The federal hiring and promotion process, like, say, cosmic physics or Freemason rituals, may be impossible to fully comprehend externally. Especially what it takes to get into the Senior Executive Service.
SESers — those stalwart career feds who provide continuity, maturity, experience and institutional knowledge in a fast-moving world of politicians — have vexed the government lately. Remember when the hue and cry over morale and how to modernize the SES reached the point where President Barack Obama had a meeting with 3,000 of them at DAR Constitution Hall? That was back in 2014. The president announced a series of reforms to the SES. It conjured up special web sites, advisory boards, new accountability mechanisms, more lateral mobility for generalists, and an Armani suit allowance to compete with industry. Just kidding on that last item.
Then came the veterans’ care scandals of 2015. They launched an ongoing drama at the VA farm where Old McDonald can’t seem to figure out what to do with or about his SES corps.
VA notwithstanding, the White House, a year after the big powwow, followed through with an executive order for strengthening the SES. Somewhere in there is the idea of pruning the process for getting into it.
Now OPM is telling agencies, specifically their Qualification Review Boards, to switch to what it calls a resume-based application method when considering promoting people to the SES level. It wants to cut back on long, written applications. Those are thought to be deterrents to good candidates. In a marvelous piece of circular syntax, OPM advises, “While there is no one-size-fits-all approach, agencies should seek to eliminate or minimize application requirements that may deter qualified candidates from applying, when it is possible to do so and still have a merit staffing process that can be validated.” Yeah, gobbledygookish, but OPM is onto something.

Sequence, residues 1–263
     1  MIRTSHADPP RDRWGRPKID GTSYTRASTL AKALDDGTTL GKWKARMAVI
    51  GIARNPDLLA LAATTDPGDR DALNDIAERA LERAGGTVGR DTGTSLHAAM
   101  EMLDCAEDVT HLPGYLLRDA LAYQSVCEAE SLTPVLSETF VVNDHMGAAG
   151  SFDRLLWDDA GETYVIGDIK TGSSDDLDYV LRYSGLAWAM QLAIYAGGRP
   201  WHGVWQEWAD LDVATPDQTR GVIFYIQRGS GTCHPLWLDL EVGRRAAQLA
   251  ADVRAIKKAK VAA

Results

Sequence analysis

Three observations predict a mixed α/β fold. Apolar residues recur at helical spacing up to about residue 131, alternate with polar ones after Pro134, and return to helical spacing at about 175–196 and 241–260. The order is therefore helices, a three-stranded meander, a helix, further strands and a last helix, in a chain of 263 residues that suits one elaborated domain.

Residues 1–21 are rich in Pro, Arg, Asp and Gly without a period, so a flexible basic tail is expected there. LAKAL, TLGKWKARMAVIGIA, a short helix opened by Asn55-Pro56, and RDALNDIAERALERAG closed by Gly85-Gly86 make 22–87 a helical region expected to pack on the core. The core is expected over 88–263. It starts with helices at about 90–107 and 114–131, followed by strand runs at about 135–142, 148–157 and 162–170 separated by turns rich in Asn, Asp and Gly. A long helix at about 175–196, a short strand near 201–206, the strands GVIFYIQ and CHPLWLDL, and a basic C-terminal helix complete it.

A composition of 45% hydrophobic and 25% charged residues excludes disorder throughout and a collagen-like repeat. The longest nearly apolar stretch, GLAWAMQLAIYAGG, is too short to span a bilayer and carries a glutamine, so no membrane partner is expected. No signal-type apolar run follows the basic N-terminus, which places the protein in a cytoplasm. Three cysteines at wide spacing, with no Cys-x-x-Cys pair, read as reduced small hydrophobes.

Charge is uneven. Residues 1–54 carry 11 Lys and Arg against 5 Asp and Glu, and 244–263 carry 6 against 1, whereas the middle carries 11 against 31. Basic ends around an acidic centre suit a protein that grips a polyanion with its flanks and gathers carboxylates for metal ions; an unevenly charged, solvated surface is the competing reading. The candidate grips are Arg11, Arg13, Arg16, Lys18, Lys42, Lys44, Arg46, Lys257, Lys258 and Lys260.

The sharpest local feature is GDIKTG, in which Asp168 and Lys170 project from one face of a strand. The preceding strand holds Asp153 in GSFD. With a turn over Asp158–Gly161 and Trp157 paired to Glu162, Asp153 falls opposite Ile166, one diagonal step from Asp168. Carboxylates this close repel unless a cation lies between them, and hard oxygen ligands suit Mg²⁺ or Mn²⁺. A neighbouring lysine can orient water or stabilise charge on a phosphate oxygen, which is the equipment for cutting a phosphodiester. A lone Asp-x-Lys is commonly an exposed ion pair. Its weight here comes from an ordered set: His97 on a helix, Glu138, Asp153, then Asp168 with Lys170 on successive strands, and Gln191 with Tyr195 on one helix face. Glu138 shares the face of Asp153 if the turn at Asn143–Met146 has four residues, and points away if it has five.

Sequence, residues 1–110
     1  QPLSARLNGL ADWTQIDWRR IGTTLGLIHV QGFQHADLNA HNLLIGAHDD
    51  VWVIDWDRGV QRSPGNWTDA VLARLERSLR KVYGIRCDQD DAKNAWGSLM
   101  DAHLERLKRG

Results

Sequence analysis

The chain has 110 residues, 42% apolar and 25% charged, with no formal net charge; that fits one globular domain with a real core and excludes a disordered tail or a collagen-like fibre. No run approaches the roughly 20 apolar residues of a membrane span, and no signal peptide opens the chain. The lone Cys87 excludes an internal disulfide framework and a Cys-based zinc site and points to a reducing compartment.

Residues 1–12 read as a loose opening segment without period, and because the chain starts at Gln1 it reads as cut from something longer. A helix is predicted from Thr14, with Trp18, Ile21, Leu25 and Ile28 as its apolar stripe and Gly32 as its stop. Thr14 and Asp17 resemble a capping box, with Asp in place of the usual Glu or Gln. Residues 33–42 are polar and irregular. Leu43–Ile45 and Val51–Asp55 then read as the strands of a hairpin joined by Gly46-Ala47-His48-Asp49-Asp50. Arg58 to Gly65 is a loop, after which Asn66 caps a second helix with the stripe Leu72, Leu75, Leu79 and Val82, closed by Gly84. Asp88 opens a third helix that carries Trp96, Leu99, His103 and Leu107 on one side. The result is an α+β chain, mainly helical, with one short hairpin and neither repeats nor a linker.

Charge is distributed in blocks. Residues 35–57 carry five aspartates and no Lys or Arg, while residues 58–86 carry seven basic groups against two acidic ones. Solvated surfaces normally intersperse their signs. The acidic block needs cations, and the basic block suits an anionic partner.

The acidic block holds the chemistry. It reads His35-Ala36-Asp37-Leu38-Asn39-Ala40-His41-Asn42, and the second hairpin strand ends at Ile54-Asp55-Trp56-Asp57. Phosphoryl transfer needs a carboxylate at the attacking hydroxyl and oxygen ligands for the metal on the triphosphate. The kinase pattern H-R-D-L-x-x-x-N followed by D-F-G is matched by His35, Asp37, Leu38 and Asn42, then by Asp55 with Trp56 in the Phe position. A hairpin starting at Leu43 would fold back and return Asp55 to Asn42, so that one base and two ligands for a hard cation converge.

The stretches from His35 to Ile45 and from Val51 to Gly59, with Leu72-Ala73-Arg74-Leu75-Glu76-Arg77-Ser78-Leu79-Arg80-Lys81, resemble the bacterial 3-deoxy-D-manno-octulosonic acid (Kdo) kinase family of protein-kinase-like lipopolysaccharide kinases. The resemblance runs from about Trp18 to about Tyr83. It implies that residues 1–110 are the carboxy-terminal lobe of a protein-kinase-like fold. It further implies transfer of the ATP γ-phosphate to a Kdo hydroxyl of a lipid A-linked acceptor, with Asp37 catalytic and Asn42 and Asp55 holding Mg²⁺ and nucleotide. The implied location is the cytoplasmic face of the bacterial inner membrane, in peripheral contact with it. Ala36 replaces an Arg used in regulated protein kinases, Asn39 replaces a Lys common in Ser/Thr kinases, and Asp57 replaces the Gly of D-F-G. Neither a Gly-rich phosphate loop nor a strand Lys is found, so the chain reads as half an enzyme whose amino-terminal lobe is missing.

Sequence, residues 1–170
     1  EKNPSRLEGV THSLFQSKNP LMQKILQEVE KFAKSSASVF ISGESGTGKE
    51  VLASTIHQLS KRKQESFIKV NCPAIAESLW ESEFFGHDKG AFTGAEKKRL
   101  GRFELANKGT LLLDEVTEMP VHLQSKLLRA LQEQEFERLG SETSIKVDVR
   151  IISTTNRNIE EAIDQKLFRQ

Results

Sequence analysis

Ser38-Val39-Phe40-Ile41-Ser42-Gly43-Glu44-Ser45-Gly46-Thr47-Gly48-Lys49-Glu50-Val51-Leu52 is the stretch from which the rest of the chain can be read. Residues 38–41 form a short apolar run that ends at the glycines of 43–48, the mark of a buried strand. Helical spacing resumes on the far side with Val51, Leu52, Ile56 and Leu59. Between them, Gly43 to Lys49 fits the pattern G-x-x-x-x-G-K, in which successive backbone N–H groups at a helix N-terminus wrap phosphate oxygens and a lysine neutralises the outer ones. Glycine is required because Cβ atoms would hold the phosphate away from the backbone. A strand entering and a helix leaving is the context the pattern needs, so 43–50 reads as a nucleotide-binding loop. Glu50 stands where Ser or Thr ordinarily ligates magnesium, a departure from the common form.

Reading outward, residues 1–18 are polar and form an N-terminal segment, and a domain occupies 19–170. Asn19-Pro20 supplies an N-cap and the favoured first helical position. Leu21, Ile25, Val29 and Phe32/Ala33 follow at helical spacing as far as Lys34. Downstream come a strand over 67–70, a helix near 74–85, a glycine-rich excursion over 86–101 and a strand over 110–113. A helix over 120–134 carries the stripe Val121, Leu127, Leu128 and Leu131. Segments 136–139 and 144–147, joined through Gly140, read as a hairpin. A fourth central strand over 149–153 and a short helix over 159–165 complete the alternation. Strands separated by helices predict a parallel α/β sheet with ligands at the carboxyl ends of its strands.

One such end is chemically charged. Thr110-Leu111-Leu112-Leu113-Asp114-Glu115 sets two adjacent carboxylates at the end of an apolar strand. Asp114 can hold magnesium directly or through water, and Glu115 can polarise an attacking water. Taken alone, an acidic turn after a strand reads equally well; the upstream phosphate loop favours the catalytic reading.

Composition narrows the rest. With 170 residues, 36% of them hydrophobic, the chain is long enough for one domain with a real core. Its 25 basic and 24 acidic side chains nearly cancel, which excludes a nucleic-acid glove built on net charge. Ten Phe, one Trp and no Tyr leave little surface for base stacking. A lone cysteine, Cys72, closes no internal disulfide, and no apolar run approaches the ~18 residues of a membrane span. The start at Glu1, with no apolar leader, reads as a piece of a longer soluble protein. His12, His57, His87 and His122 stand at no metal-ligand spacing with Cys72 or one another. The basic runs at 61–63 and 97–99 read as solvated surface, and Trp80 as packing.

I doubt a long application really deters GS-15s from trying to gain admittance to the SES. But it does seem odd for an experienced person, with a long record, to need more than a resume, a few solid references, and some interviews to move up just one notch. Plus, the longer the essay the more B.S. a candidate can work in.
If you want to become a doctor, actuary, certified public accountant, lawyer or any number of other professions, often the heavy lifting comes at the beginning of your career cycle. Once you pass a CPA set of exams, you may never have that difficult a test again. Surgeons have to get through med school, internships, and board exams for their particular specialty. After that they prove their pedigree through experience and hopefully not too many medical malpractice claims.
In business, your record and reputation get you to the door of the next level. Interviews and a sense of whether you fit take care of the rest. It’s also helpful not to have felony convictions.
No one deserves automatic elevation to the SES just for punching a clock for 20 or 25 years. Neither should promotion of the worthy entail weird rituals, like becoming a 32° Sublime Prince of the Royal Secret. So OPM is proposing something good here.